FYB 78 | Brand Psychology

 

For most of us, the business we’ve put up is a product of our vision, our hopes, and our dreams. We’ve thought and crafted well every detail of this business including the logo which we believe is what represents our brand. Contrary to what most of us believe, brand is more than visuals. Integrative brand psychologist Gina Hussar sheds some light to the real meaning and purpose of a brand which most business owners miss. She shares how her team helps solidify our brand in people’s mind along with our voice, points of view, and our values. Discover Gina’s multidimensional integrative strategy that brings the vibe, the visuals, and the messaging all into one spectacular brand.

I am excited to bring you somebody on the creative side. We don’t often get to talk about the creative side of building websites and building brands and building our podcasts and video shows. A lot of times what Gina does, what you’re going to learn in this interview with the creative side is overlooked by people and that’s why we wanted to highlight it. We’ve got Gina Hussar of HIGHER Media Group and she is an integrative brand psychologist. She’s going to work on your brand vibe, not just your brand logo and your brand messaging. It’s all integrated. Gina is an award-winning writer and she’s built a successful company based on the belief that cross disciplinary blend of spirit and strategy is the key to success with the focus on alignment and integration. She calls herself an integrative brand strategist and she has tremendous experience and background, which she’ll talk about toward the end of the interview. She certainly has a lot of experience that made her uniquely suited. What ended up happening is her business and her clients found her at a time and she built a business around it. It’s very unique. Everybody talks about the brand. There are a lot of people that espouse to be brand experts. There is so much to it that you may not realize. This is not what your average brand strategist would have you do.

I find that so many of the brand strategist I meet are one-dimensional and she’s very multidimensional. Gina has this multidimensional integrative strategy that brings together the vibe, the visual, the messaging. To me, that’s what you are all about here as podcasters and video casters and Brandcasters. You get it because you’re passionate about what you do and you know that’s what’s resonating with your audience and coming back to you. Somehow sometimes it falls apart when it goes to your website or goes to your Facebook page or goes to your emails.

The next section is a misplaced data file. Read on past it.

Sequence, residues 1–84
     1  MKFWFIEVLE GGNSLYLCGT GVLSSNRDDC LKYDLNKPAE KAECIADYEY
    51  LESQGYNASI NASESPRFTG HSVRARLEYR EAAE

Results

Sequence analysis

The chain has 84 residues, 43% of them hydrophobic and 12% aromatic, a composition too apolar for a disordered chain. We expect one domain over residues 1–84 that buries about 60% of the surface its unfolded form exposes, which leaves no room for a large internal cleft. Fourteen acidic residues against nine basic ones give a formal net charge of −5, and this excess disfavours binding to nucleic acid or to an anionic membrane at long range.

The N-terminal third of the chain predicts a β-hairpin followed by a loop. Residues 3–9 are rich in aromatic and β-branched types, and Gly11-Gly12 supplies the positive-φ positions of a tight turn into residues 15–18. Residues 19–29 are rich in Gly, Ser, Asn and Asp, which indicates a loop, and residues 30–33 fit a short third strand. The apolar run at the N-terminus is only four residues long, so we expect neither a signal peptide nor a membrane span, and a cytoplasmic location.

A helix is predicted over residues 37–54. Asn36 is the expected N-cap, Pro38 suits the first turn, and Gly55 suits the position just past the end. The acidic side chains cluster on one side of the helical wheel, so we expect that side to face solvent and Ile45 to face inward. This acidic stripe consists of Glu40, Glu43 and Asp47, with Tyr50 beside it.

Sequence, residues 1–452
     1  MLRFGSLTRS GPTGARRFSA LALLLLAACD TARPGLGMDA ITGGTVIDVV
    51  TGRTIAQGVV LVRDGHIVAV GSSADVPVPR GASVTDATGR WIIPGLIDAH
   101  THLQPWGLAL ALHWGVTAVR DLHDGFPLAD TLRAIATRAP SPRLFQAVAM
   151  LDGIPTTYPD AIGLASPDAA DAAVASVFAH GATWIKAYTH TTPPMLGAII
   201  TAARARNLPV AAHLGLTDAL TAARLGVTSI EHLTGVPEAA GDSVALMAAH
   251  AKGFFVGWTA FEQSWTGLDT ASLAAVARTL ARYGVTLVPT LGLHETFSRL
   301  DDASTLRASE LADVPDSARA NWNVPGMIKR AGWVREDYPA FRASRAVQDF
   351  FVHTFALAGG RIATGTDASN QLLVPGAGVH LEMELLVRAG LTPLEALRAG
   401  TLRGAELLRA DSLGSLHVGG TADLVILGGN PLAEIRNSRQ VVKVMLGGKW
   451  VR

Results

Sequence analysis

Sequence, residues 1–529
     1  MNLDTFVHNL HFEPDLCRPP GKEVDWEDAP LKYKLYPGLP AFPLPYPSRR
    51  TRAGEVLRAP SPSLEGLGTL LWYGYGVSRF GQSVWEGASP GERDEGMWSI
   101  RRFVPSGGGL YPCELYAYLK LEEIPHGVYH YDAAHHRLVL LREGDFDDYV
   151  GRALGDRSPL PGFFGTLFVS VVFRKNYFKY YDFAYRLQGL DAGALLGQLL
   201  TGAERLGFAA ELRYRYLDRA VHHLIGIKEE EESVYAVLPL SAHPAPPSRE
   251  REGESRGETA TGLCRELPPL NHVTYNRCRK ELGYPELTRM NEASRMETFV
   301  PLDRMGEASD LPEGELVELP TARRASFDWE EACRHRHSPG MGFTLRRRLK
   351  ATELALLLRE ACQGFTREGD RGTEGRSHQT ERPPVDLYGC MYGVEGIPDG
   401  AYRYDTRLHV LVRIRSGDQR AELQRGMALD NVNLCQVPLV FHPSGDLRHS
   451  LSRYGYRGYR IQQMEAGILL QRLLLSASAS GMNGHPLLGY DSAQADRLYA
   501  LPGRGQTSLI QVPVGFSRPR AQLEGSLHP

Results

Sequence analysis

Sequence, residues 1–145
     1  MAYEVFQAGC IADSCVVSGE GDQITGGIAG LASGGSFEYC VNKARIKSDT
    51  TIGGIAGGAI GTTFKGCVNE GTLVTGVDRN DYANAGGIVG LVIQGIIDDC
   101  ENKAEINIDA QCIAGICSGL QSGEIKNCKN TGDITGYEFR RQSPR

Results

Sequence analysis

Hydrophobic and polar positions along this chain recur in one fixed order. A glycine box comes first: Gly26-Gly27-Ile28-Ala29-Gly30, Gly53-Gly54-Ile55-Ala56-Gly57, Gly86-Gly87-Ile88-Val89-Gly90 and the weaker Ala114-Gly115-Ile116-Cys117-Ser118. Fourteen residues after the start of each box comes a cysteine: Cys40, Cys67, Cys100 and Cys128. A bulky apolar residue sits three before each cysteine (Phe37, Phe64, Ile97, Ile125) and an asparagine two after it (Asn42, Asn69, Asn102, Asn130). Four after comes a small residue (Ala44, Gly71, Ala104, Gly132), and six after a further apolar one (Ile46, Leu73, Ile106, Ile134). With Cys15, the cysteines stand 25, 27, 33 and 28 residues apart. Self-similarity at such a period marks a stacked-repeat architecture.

Listen to the podcast here:

Integrative Brand Psychology: Creating That Spectacular Brand with Gina Hussar

Gina, thank you so much for joining us. I’m excited to talk about visual branding as opposed to just message branding, which is we get a lot.

I’m excited to be here.

This is the thing that I get so often from people. They think that a brand is just a logo or the way their website looks. In reality, it is. It just goes deeper than that. Tell us a little bit about your process.

We practice integrative brand psychology, it’s what we call it. We do that because it’s a cross-disciplinary approach. We feel that there is no separation between you, your brand, your offerings, your audience, but that the most lucrative brands out there are fully integrating. Your brand is the visuals but it’s also the vibe. It’s the energy. It’s the feelings that are evoked when somebody stumbles onto your website. It’s the words that make them want to scroll down and read the next line of words. We take people through an onboarding process that asked them questions that sound random but there’s a science to them. It questions everything from their niche and their ideal client to personal things. Their values, their visions, their hopes, and dreams. We take that all the way down to what we call their core truth and only then do we start wrapping it in words and colors and imagery.

It’s hard for most people to separate out, “What are my customers? Are they readers? Are they listeners? Are they viewers?” We get all kinds. When you think about how they’re consuming our content as podcasters, our brand matters in all media as well. If it’s not fully integrated throughout that, then you’ve got a mismatch. You’ve got dissonance.

Your brand is the visuals, the vibe, and the energy. It's the feelings that are evoked when somebody stumbles onto your website. Click To Tweet